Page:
The family of a toddler who was injured during a botched drug raid, after a Georgia SWAT team member threw a flash-bang grenade into his playpen, say they are facing close to $1 million in hospital bills, according to WSB-TV.
As the holidays approach, the parents of Bounkham “Bou Bou” Phonesavanh are swamped with debt from medical bills they have no hope of ever paying after county officials refused to accept responsibility, citing a state “gratuity” law.
On May 28, the 19-month-old Bou Bou was sleeping in his playpen when the Habersham County Special Response Team launched a no-knock raid on a relative’s home where his family was staying after their own home in Janesville, Wisconsin burned down. According to police reports, Habersham Deputy Charles Long threw a ‘flash-bang’ grenade – a diversionary device used by police and military – into the room where it landed next to Bou Bou.
Following the explosion, police rushed the injured child to Grady Memorial Hospital in Atlanta where doctors placed him in a medically induced coma.
“His chest wall had torn down to muscle,” says Dr. Walter Ingram, head of Grady’s burn trauma unit. “And it tore his face down to bone, down to his teeth.”
According to the child’s mother, officers told her a different story.
“I asked if he got hurt. And they said, ‘No, your son is fine. He has not sustained any serious injury,” Alecia Phonesavanh recalled. “They ended up telling us that he had lost a tooth.”
An investigation into the drug raid revealed that drug agent Nikki Autry had secured a ‘no-knock’ search warrant that allowed the police to search the home for Phonesavanh’s nephew, 30-year-old Wanis Thonetheva, who police suspected was selling methamphetamine. Thonetheva did not live at the home and was arrested later without incident.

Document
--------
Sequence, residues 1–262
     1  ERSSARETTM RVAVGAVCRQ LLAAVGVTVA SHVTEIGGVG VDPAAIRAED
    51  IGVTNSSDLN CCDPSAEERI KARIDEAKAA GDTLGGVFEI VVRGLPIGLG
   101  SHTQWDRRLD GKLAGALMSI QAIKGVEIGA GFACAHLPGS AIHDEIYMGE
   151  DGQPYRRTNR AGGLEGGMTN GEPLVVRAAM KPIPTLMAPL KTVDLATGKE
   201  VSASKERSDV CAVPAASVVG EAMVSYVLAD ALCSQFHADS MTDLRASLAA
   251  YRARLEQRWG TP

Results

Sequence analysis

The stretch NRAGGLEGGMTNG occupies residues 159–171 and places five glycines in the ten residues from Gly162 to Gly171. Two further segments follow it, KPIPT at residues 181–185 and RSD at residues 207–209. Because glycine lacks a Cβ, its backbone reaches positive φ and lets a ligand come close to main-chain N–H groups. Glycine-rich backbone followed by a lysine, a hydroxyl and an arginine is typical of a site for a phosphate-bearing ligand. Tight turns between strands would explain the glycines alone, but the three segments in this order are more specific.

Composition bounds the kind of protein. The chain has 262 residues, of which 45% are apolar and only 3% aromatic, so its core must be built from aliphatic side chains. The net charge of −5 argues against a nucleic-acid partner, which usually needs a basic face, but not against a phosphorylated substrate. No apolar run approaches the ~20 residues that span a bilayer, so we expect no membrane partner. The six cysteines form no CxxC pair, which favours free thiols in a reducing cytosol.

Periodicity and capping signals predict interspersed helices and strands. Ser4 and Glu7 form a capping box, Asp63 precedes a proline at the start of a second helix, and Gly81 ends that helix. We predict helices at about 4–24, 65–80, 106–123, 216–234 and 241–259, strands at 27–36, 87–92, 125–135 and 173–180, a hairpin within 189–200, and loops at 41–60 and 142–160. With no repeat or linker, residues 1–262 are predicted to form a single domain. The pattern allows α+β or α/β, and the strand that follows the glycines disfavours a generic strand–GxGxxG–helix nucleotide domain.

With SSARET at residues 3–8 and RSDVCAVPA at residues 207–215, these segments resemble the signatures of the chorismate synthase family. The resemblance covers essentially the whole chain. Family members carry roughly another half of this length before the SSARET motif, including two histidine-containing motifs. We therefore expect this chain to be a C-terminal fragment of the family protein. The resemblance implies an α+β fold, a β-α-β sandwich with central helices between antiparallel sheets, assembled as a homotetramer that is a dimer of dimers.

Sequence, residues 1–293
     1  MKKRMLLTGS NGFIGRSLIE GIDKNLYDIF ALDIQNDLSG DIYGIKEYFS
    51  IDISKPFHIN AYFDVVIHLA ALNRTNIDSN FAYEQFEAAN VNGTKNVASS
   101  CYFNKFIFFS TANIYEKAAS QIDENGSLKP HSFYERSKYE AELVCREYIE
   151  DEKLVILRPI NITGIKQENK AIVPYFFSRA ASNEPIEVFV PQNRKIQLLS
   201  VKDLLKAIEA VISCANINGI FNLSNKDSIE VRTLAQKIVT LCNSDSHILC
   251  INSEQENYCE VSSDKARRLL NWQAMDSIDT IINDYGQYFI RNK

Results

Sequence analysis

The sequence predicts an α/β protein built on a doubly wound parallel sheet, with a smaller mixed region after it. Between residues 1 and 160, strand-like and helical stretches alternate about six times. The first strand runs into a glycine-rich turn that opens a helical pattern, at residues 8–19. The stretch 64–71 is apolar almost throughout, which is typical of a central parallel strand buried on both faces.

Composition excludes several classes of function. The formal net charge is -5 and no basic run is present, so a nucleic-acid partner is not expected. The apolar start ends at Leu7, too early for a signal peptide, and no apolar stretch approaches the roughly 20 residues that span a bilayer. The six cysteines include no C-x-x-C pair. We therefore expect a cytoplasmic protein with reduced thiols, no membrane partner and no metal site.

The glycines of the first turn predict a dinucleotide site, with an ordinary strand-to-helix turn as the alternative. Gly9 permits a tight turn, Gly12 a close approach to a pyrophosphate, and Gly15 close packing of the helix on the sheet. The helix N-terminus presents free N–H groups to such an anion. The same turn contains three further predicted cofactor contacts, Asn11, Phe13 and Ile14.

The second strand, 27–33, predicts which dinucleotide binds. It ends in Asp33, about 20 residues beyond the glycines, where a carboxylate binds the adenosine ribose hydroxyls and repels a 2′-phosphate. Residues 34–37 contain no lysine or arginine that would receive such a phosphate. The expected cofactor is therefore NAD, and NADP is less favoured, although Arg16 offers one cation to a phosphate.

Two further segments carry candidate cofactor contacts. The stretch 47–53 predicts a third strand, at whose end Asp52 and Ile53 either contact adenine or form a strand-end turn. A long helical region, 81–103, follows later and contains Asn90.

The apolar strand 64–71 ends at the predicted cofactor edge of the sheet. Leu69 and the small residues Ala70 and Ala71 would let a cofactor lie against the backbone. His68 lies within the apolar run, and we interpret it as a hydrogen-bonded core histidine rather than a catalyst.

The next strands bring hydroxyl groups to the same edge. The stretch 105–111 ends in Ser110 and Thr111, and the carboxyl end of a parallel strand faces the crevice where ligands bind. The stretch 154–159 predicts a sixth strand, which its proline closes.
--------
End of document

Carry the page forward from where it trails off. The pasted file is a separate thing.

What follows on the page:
Days after the raid, Autry resigned from the Mountain Judicial Circuit’s drug unit and the chief magistrate of Habersham who signed the warrant, County Judge James Butterworth, announced his retirement. The drug task force that gathered that intelligence for the raid disbanded four months later.
In October a grand jury deliberated for six days before refusing to indict any members of the drug team.
Bou Bou spent more than 5 weeks in a coma in the hospital and has since undergone multiple surgeries to repair his face and torso.
According to Phonesavanh family, they are facing close to $1 million in debt from hospital costs because Habersham County officials will not pay the medical bills, citing a “gratuity” law in Georgia that prohibits them from compensating the family.
Under the state’s law, the county government is granted sovereign immunity from negligence claims against it, making a payment to the family an illegal “gratuity.”
“Before this we didn’t owe anybody anything,” says Alecia Phonesavanh. “And now after all this, they have completely financially crippled us.”
The question of who is to pay for Bou Bou Phonesavanh’s medical treatment may lay with courts to decide, while the Phonesavanh family ponders filing a civil lawsuit.
A federal investigation is currently underway by the office of Sally Yates, U.S. Attorney for the Northern District of Georgia.
“As a parent, I can’t imagine the horrible nightmare that this family is enduring,” Yates said in a statement. “Now that the state grand jury has declined to return an indictment, we are reviewing the matter and conducting our own investigation.”
Watch video below from WSB: